Several insurers have proven to be medical tourism pioneers. United Group Programs, a Florida insurance company, now offers plans that reimburse types of overseas care, and works with Apollo, a leading hospital in Chennai, India. Health Net, another insurer, now offers subscribers in Southern California some coverage at medical facilities across the border in Mexico.
In South Carolina, BlueCross BlueShield, one of the top brand names, recently signed an agreement with Bumrungrad itself. Other major American health insurers are said to be considering covering some types of offshore medical procedures. The Joint Commission International, an organization that inspects hospitals, now analyzes foreign medical centers to see if they meet high American standards. (The Internet also makes it easier for potential medical travelers to get references who can comment on the skills of doctors overseas.)
Entrepreneurs are starting travel companies to bring Americans to foreign hospitals - trips that sometimes combine treatment with a short vacation or recovery period, like an African safari or a recovery weekend at a Thai beach. Many of these companies now specialize just in one country or region. IndUSHealth, for example, which is based in North Carolina, organizes trips to Indian hospitals; PlanetHospital, based in New York, focuses on trips to Mexico, Central America and Singapore.
This March, I returned to Bumrungrad, which has become internationally famous for medical tourism and now treats more than 400,000 foreign patients each year. I found the same chic Italian and Japanese restaurants and fawning service - but the hospital had gone even higher-end. Middle Eastern families whooshed into the lobby from Bumrungrad-provided limousines and into private rooms. Young Thai Bumrungrad employees welcomed Japanese patients with a bow and a welcome present, like hotel greeters.
Other Thai hospitals desperately try to keep pace, installing hotel-like rooms and upscale restaurants and developing specialties such as sex-change operations. Competitors in Singapore, India, Hungary, Argentina, Turkey, Brazil, Costa Rica, the Philippines, South Africa and Dubai have also entered the medical tourism market, often backed by intense government promotion of medical tourism. (Singapore hopes to attract one million medical travelers by 2012.)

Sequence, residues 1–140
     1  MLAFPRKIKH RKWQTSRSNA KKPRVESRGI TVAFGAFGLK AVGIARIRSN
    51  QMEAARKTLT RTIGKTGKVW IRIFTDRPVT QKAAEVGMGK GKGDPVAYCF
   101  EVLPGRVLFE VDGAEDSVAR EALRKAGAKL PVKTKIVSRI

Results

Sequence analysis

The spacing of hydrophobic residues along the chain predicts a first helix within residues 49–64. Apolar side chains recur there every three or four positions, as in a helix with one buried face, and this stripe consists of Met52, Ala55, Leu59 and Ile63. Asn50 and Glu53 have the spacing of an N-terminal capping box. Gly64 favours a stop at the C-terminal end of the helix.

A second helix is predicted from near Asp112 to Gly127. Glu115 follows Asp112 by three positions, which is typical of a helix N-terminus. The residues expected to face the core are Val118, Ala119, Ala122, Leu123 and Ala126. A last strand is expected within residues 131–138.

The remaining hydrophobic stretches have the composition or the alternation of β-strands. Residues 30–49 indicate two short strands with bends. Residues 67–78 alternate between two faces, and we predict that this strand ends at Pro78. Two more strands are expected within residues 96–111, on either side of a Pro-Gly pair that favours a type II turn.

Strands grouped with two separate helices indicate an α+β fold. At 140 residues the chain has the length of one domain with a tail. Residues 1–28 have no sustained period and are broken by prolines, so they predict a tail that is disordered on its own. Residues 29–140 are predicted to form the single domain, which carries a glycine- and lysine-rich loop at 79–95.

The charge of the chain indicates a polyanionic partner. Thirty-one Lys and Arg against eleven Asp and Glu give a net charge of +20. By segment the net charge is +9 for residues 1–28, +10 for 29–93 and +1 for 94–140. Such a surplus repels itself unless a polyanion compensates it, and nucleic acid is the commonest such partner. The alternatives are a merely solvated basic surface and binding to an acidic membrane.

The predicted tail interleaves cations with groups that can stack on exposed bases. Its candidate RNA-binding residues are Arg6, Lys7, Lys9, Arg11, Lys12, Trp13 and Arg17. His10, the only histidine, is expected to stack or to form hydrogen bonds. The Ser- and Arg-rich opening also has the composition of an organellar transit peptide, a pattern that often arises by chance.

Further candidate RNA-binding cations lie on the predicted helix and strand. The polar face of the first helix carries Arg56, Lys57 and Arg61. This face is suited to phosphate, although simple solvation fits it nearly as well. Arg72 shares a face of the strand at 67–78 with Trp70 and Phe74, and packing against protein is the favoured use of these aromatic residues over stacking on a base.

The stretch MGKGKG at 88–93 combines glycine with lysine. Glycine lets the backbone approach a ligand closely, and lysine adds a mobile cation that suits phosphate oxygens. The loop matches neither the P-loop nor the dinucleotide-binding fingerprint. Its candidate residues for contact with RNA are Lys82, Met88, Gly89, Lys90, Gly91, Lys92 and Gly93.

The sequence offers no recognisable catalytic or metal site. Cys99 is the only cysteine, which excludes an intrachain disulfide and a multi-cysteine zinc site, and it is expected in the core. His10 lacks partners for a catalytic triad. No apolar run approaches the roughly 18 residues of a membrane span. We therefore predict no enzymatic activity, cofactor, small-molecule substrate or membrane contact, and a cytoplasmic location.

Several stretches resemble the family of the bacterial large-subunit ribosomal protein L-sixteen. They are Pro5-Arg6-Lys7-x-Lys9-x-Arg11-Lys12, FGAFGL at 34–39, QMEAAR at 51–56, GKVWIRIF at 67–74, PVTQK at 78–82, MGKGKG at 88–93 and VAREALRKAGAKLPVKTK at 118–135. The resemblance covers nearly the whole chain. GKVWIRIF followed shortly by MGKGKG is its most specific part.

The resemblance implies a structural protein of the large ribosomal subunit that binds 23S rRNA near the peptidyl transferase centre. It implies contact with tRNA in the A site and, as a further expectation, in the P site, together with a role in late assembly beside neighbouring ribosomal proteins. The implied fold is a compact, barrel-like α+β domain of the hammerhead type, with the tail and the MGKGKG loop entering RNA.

Many of these hospitals compete not only on the quality of care but also on other amenities. The Apollo hospital in Chennai has a gym and yoga studio, and Singapore has launched a series of “medi-spas,” which mix medical treatments and spa services like massage or facials. Costa Rica advertises “recovery retreats” that are like ranches created for recuperating medical tourists.
But just as American travelers begin getting comfortable with the safety of foreign hospitals, they face a new question. With developing world hospitals focusing on medical tourists, some may take doctors away from understaffed public clinics in nations like India and Thailand, potentially leading to a public backlash against medical visitors. Already, the press in Thailand and India has warned that medical tourism, which can be more lucrative for physicians, is sucking doctors away from public clinics.
Only days after my luxury dengue treatment at Bumrungrad, I saw this other side. At a larger Thai hospital where I'd walked in after feeling my fever spiking, I sat on a hard bench in the middle of a waiting room littered with cigarette butts and empty plastic bottles. For over an hour, no one called me. When a nurse finally approached me, she warned there wouldn't be any doctors around for hours, and then turned and walked away.
I got up and took a cab to Bumrungrad.

Link to Original New York Times Article